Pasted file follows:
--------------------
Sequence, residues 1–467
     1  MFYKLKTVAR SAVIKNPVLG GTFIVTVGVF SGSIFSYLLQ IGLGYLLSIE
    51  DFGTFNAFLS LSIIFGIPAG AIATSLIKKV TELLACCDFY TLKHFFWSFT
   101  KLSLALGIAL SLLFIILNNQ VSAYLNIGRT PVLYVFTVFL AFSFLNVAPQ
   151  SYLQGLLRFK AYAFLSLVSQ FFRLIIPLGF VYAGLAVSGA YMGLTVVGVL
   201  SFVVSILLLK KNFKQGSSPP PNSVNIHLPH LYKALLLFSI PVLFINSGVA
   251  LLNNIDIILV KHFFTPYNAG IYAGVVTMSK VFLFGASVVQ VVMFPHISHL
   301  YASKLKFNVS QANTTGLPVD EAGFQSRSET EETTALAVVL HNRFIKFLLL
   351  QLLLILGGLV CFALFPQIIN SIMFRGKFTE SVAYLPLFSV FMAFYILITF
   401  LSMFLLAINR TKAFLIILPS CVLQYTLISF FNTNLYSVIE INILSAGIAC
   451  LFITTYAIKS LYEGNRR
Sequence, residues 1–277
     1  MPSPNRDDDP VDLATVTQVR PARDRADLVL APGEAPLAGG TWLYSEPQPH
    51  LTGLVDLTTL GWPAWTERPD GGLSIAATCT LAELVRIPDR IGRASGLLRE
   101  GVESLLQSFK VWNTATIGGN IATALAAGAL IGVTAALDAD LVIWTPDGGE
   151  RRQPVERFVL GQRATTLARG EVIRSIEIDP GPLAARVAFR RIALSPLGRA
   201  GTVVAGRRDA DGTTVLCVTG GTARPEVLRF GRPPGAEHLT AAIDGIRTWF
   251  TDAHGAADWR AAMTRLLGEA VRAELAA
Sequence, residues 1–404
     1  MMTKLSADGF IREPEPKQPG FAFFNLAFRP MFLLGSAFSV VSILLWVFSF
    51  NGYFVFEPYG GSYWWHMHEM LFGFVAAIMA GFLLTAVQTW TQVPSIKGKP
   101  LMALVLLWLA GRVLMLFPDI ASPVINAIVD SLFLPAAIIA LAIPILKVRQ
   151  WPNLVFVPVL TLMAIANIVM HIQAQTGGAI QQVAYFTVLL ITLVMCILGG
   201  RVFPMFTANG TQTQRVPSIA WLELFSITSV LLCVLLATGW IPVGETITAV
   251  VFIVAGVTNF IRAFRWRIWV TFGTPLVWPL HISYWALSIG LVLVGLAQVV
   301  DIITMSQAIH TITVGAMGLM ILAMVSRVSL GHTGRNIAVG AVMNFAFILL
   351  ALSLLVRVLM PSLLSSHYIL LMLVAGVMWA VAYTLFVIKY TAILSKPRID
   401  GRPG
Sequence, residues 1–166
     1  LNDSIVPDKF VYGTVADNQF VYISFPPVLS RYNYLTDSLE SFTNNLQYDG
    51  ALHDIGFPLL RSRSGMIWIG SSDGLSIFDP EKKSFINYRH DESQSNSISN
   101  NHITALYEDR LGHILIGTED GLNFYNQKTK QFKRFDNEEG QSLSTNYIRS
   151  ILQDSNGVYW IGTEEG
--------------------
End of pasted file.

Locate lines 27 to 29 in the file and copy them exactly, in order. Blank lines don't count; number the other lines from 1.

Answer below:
   351  ALSLLVRVLM PSLLSSHYIL LMLVAGVMWA VAYTLFVIKY TAILSKPRID
   401  GRPG
Sequence, residues 1–166